With dozens of different types of toothpaste on the market today, displaying slogans across their brightly colored boxes like "Triple Whitening Action" and "Extreme Clean," it can be a daunting task to decide which brand is right for you and your family. But don't be fooled by flashy catch phrases and over-hyped promises that come "Dentist Recommended." Behind the pricey marketing ploys hides a list of toxic ingredients, that are quite honestly, completely unnecessary in order to achieve a bright and healthy smile. All you need to do is flip that box over, and you will find out just what's really in your toothpaste.
Most Common Ingredients In Toothpaste
Mild Abrasives are added to toothpaste to aid in removing debris and surface stains. (Most commonly used mild abrasives include: calcium carbonate, dehydrated silica gels, hydrated aluminum oxides, magnesium carbonate, phosphate salts and silicates.)
Fluoride is used in toothpaste to strengthen tooth enamel and prevent tooth decay.
Humectants are used to prevent water loss in toothpaste. (Most commonly used humectants include: glycerol, propylene, glycol and sorbitol.)
Flavoring agents are used in toothpaste to provide a pleasant flavor. Flavoring agents do not contribute to or promote tooth decay. (Most commonly used flavoring agents include: Saccharin and Xylitol.)
Thickening agents are used in toothpaste to bind the toothpaste together. (Most commonly used thickening agents include: mineral colloids, natural gums, seaweed colloids and synthetic cellulose.)
Detergents are used in toothpaste to create a foaming action. (Most commonly used detergents include: sodium lauryl sulfate and sodium N-Lauryl sarcosinate.)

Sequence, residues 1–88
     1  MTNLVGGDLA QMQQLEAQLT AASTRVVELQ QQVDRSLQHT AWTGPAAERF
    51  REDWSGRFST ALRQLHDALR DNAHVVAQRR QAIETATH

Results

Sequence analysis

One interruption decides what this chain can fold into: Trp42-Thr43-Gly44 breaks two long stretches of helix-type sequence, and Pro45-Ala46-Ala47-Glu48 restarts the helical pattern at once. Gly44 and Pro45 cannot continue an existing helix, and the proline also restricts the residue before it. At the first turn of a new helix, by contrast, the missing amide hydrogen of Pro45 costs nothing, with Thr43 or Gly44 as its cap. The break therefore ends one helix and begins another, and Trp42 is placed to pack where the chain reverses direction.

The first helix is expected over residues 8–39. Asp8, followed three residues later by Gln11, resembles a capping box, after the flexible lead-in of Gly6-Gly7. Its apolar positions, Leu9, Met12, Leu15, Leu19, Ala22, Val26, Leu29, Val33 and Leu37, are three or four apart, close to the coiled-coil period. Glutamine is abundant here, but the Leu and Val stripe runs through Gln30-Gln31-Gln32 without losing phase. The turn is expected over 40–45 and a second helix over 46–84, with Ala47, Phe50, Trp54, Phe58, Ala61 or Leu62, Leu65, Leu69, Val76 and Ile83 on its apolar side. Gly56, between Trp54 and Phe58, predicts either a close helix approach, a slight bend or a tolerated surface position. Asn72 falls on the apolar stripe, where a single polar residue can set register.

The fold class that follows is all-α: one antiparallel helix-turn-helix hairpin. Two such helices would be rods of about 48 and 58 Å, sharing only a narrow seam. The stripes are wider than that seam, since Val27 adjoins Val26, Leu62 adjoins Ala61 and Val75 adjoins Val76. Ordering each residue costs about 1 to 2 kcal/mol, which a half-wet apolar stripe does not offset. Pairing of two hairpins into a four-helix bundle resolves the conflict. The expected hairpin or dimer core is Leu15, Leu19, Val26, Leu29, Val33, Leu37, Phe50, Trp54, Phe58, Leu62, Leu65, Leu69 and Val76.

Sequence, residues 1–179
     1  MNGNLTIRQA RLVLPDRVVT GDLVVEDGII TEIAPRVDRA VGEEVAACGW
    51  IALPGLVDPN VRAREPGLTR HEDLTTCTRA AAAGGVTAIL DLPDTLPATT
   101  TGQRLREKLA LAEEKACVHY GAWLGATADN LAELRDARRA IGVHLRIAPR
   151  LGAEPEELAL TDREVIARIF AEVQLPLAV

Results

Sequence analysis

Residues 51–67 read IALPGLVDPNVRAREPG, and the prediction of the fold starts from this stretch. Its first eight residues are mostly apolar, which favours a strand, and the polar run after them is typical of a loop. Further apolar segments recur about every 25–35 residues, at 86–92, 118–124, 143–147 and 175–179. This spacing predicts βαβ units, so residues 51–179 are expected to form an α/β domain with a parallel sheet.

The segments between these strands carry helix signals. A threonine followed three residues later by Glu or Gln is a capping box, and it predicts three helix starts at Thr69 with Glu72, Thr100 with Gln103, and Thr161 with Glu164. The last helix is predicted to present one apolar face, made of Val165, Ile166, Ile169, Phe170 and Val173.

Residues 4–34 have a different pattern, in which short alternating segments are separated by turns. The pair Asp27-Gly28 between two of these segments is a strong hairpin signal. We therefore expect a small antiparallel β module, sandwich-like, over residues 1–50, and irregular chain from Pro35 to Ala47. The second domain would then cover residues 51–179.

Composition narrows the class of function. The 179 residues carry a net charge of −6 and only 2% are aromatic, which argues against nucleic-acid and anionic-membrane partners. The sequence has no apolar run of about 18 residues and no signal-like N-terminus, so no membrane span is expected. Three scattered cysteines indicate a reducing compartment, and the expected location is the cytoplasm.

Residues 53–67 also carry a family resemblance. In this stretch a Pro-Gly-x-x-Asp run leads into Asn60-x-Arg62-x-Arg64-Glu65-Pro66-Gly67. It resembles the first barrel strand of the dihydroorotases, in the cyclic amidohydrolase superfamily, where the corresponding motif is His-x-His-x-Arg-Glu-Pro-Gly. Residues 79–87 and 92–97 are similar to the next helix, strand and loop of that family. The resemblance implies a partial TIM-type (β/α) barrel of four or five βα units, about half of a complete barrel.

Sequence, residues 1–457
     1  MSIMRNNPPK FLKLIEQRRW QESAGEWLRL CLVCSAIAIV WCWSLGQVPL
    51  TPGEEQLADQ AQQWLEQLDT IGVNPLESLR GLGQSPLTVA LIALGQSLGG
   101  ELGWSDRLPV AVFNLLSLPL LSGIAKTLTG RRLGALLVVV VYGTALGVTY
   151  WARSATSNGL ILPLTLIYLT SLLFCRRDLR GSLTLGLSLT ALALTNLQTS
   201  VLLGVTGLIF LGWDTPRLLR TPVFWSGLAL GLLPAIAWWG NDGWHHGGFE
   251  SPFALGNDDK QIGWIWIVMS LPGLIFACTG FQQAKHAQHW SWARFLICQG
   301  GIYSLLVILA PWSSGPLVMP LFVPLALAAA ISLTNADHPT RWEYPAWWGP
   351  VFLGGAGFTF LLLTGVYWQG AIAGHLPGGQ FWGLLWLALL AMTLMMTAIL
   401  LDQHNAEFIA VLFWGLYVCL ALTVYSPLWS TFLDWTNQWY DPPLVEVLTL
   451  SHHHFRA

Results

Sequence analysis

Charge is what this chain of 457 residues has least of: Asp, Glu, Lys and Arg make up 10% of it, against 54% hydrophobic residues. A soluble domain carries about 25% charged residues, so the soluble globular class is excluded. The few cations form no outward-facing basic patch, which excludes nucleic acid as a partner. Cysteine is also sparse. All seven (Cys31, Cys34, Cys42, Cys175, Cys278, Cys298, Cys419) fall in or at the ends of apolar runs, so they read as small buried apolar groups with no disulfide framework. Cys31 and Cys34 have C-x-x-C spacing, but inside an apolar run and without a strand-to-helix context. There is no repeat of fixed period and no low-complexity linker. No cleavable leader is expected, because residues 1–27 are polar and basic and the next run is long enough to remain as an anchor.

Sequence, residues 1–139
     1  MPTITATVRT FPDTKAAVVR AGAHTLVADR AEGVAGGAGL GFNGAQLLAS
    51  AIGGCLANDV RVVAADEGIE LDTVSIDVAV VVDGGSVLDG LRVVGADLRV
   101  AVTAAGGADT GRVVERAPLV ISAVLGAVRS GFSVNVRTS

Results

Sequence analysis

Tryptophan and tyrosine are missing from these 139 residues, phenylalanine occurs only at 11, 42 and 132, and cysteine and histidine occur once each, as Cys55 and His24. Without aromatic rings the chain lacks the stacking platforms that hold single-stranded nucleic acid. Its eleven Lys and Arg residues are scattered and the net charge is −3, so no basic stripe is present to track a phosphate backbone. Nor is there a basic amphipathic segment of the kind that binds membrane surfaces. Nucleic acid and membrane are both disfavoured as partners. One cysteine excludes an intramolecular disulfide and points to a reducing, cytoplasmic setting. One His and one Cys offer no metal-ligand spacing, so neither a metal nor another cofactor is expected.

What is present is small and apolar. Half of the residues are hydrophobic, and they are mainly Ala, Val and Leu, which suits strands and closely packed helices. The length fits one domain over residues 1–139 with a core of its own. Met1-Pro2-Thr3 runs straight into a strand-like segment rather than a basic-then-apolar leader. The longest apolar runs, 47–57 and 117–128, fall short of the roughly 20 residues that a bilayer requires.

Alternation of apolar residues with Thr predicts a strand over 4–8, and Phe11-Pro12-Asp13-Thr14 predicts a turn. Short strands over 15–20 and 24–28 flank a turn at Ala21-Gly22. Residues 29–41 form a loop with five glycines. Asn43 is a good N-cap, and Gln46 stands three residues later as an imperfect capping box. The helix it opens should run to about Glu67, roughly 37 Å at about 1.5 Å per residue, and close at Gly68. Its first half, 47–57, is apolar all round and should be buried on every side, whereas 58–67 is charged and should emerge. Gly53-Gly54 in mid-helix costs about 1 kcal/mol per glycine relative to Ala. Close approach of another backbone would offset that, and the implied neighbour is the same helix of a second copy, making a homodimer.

This seems like a lot of ingredients just to get your teeth squeaky clean each day. And among these ingredients, there are a lot of questionable chemicals with proven health risks. Let's take a look at some of the most toxic ingredients commonly found in toothpaste.
While dentists in the United States have hailed fluoride as one of the greatest health achievements of the 20th Century, many are skeptical that it could be contributing to more health issues than doing good. Between fluoridated drinking water and fluoride toothpaste, it appears that Americans might be consuming too much fluoride for their own good. According to a national survey conducted by the CDC, nearly 40% of American teenagers suffer from a condition called "dental fluorosis." Dental fluorosis is a condition that can lead to streaky, cloudy or brown spots on the tooth enamel, and in some cases, even tooth erosion. Fluorosis is caused by fluoride interfering with tooth- forming cells. As if that's not enough to make you question your fluoride intake, toxicologist, Dr. John Doull, who chaired the National Academy of Science's review on Fluoride, concluded in his committee's 500 page review that fluoride acts as an endocrine disruptor, affecting numerous parts of the body, including the bones, brain, thyroid gland, pineal gland and blood sugar levels. The committee expressed the need for more research on fluoride's potential contribution to bone disorders, thyroid disease, low intelligence, dementia and diabetes, as little research has been done in the 60+ years that fluoride has been prominent in the United States. A number of studies from China found that children exposed to levels of fluoride deemed safe in the United States had reduced IQ levels. And the US Environmental Protection Agency lists fluoride as a chemical with substantial evidence of developmental neurotoxocity.